The beginning of the paths are often crowded with many people looking to get the perfect shot to post on their Instagram.
The best thing to do is to walk the entire path, it only gets more beautiful and less crowded as you make your way along the path of Toriis.
As you go up the mountain the path also becomes more varied, with smaller paths stemming away from it and leading to smaller shrines, statues and temples. Towards the top you will also be able to see a very pretty view over Kyoto.
It’s a spot that you can easily see alone, but there are also walking tours available if you prefer to have a guide.
Nishiki Market is the perfect place to stop for lunch as you explore the fascinating market. It’s a narrow street that extends for 5 blocks and is home to over 100 stalls, shops and restaurants.
It’s known by the locals as “Kyoto’s Kitchen” and specialises in all things food. You’ll find street food, local ingredients, crockery, and cookware.
The first shop moved into the area in 1310 as the retail market began. Amazingly, many of the stalls and shops have been run by the same families for centuries. Be sure to taste a variety of culinary delights during your explorations of the market.
Many stalls give out samples for free, giving you the opportunity to dive deep into the flavours of Kyoto. We spent hours wandering around the stalls, not really knowing which ones were good and just gambling it and trying a bit of everything. In hindsight I would have loved to do a proper market tour and had a local take me to try all the best treats!
Pontocho Alley is one of the most beautiful streets in the city. It’s lined with shops and restaurants and is a strictly pedestrian-only area. This gives it a vibrant atmosphere, making it particularly fun to visit in the evening.
The area has a very traditional feel with the lack of modern buildings and garish signs. It’s the perfect place to discover Kyoto at its finest.
Japan is a very safe country, and I never felt unsafe walking around the streets of Kyoto or Pontocho Alley at night, but if you prefer there are also night walking & food tours available.
Kyoto itinerary day 3:
On your third and final day in Kyoto, you’ll need to make the most of the time you have left by filling your day with awesome activities and creating precious memories.
Arashiyama Bamboo Grove
The Arashiyama Bamboo Grove is an absolutely stunning sight to see. Standing amongst soaring bamboo stalks gives you a feeling like no other. It’s almost other-worldly.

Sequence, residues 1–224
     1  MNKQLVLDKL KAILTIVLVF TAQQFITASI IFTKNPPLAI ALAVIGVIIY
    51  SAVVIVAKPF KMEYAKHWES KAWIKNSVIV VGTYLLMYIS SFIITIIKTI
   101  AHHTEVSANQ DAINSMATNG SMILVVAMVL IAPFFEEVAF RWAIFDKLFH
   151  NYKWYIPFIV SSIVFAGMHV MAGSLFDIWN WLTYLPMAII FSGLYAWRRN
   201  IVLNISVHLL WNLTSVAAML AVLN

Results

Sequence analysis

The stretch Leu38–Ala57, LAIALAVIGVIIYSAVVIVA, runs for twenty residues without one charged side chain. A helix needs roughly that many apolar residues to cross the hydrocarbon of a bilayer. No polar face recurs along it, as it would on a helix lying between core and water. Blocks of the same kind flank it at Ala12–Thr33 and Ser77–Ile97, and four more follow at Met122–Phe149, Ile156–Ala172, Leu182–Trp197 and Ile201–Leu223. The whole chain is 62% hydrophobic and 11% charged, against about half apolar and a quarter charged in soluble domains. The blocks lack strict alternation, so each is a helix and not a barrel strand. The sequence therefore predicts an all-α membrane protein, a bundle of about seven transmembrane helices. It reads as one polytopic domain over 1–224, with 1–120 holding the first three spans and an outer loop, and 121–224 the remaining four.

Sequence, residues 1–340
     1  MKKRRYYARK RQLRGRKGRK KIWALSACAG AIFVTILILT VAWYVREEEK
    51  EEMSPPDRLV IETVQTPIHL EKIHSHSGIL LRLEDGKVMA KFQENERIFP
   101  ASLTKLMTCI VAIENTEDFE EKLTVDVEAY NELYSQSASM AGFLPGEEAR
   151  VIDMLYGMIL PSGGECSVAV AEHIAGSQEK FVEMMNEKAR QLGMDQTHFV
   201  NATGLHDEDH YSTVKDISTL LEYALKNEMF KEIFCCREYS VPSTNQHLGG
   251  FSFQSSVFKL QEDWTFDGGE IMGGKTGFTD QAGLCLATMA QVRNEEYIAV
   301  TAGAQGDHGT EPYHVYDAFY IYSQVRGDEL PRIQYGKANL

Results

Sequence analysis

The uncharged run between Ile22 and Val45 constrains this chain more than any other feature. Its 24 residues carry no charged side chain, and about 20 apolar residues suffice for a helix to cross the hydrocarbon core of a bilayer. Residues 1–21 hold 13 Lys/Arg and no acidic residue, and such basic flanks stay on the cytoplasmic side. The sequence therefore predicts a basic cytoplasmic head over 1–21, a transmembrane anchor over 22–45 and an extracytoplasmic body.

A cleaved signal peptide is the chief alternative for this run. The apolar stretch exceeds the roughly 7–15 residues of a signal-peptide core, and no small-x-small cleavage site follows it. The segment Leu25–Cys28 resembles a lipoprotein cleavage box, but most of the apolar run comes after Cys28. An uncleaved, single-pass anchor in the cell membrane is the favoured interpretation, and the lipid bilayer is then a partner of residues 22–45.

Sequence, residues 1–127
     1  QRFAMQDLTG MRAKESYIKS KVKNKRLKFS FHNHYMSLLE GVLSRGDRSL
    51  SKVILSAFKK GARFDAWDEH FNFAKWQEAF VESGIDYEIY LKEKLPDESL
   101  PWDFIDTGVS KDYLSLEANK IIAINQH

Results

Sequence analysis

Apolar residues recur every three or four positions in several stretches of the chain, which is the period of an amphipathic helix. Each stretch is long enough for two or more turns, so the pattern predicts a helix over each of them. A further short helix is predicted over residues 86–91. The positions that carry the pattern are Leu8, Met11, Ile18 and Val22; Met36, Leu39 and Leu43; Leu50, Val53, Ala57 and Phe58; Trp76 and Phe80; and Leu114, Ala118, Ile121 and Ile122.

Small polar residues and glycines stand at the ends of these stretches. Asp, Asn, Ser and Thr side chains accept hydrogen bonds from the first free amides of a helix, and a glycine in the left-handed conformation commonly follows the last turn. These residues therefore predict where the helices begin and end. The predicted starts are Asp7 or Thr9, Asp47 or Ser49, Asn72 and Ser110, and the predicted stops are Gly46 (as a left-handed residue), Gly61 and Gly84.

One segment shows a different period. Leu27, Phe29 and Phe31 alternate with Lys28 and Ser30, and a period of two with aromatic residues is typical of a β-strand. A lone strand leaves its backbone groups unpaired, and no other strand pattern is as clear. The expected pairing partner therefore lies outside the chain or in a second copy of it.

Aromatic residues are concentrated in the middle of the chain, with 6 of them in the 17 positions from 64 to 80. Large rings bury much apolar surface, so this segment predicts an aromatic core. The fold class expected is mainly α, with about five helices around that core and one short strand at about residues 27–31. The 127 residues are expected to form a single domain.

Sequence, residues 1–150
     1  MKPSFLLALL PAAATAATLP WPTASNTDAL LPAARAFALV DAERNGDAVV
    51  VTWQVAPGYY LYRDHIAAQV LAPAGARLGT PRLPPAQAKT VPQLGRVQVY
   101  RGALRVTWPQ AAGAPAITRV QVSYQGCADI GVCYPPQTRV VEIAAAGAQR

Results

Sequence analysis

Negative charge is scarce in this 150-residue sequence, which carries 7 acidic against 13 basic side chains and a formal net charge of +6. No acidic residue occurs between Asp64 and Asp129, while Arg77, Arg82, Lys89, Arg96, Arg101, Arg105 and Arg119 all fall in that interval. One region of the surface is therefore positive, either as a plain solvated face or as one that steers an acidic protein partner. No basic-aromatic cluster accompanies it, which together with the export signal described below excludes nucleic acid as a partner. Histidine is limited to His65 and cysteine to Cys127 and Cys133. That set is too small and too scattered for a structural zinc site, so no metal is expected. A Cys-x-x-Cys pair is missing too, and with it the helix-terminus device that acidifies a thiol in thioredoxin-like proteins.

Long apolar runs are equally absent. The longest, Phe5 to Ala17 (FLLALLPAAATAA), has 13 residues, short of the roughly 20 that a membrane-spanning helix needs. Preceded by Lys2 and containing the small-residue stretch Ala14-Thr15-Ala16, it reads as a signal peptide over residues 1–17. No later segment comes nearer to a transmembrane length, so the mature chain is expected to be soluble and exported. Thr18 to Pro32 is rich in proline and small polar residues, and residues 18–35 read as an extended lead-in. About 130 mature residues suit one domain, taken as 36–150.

However it gets very busy, so make sure to visit early in the morning if you want to truly experience the peace and quiet of the bamboo forest, without fighting against other tourists for a free spot for photos.
There’s one main path that leads you through the bamboo forest and up the hill, eventually leading to the Okochi-Sanso Villa. The villa is an imperial building worth a visit if you’re interested in architecture.
If you want to visit both in one go, including other temples in the area, you can do a Arashiyama tour. We personally skipped the villa and just spent a bit longer wandering around the bamboo grove.
Right next door to the bamboo grove you’ll find Tenryuji Temple. It was originally built in 1339 but was continuously burnt down in wars and fires. The building that stands there today was built between 1868 – 1912.
It’s one of the most beautiful of the city’s zen temples which makes it well worth the visit. It’s intricately landscaped gardens are a stunning asset to the temple. The central pond is surrounded by pine forests nestled up against the Arashiyama Mountains.
Arashiyama Monkey Park
The Arashiyama Monkey Park is a sanctuary for wild Japanese Macaque monkeys. It’s a beautiful and lush area making the experience all the more enjoyable.
There’s a pathway that leads you around the sanctuary called the Iwatayama path. It’s a blend of natural pathways and concrete steps that lead you all the way to the top of the hill.
It should take you around half an hour to get there, and the views from the top are absolutely spectacular.
It goes without saying that comfortable walking shoes are a must for this activity. Because the monkeys are wild, there are precautions you need to take while visiting.
Such as – don’t stare at the monkeys in the eye, stay a safe 2 metres away from them, and don’t crouch down when taking photos of them.
We really enjoyed the fact that to feed the monkeys you had to go inside a little hut with bars on the windows, and you could pass the food to the monkeys from the inside out. Basically the opposite of a zoo, with the monkeys being free outside and humans locked inside.
Kinkaku-ji Golden Temple
This zen temple in northern Kyoto is a pretty impressive golden temple with beautiful gardens. The top two floors of this pavilion are covered in gold leaf, giving it the incredible colour.
Each floor of the temple is built in a different style, which makes it particularly interesting from the inside. The temple looks over a gorgeous pond that is said to never dry up. After viewing the temple, head down a pathway that leads you through the gardens.
You’ll pass the pond and a few statues that tourists often throw money at for good luck. At the end of the path, you’ll find a teahouse, which is a great spot to sit and relax before continuing on your day’s explorations.
Lastly, you should visit the zen garden. While it won’t be a highlight of the day, it’s near the temple making it a good place to visit before heading home. It’s 25 metres in length and features 15 rocks sitting in white sand.
If you’re interested in history, this activity should be added to your list. Otherwise pop-in for a quick look before heading on your way. It’s not a place you’ll spend loads of time at as there’s not much to do but view the zen garden.
Final thoughts on 3 days in Kyoto
With all the wonderful things to do in Kyoto, you could easily fill an entire week with extraordinary activities. If you have enough time from Kyoto you could also go on a day trip to Nara or on a day trip to Himeji Castle.
However, I felt that 3 days in Kyoto was more than enough time to see the main attractions and take in the beautiful essence of this city.
Now that you’ve got the full scoop on what to expect inside Kyoto, you can start planning your very own itinerary. Be sure to add some of my favourites to your list.
Whether you’re searching for the next Instagram worthy destination or a relaxing getaway, Kyoto is truly a dream and should be savoured during the precious time you have there.
Enjoyed reading my Kyoto 3-day itinerary? Pin it!
* This post contains affiliate links. Greta’s Travels is a participant in the Amazon Services LLC Associates Program, an affiliate advertising program designed to provide a means for sites to earn advertising fees by advertising and linking to Amazon.com. As an Amazon Associate, I earn from qualifying purchases. Greta’s Travels is also a participant with the Booking.com, Klook and GetYourGuide Affiliate Programs. All purchases or bookings you make through Greta’s Travels come at no extra cost to you. *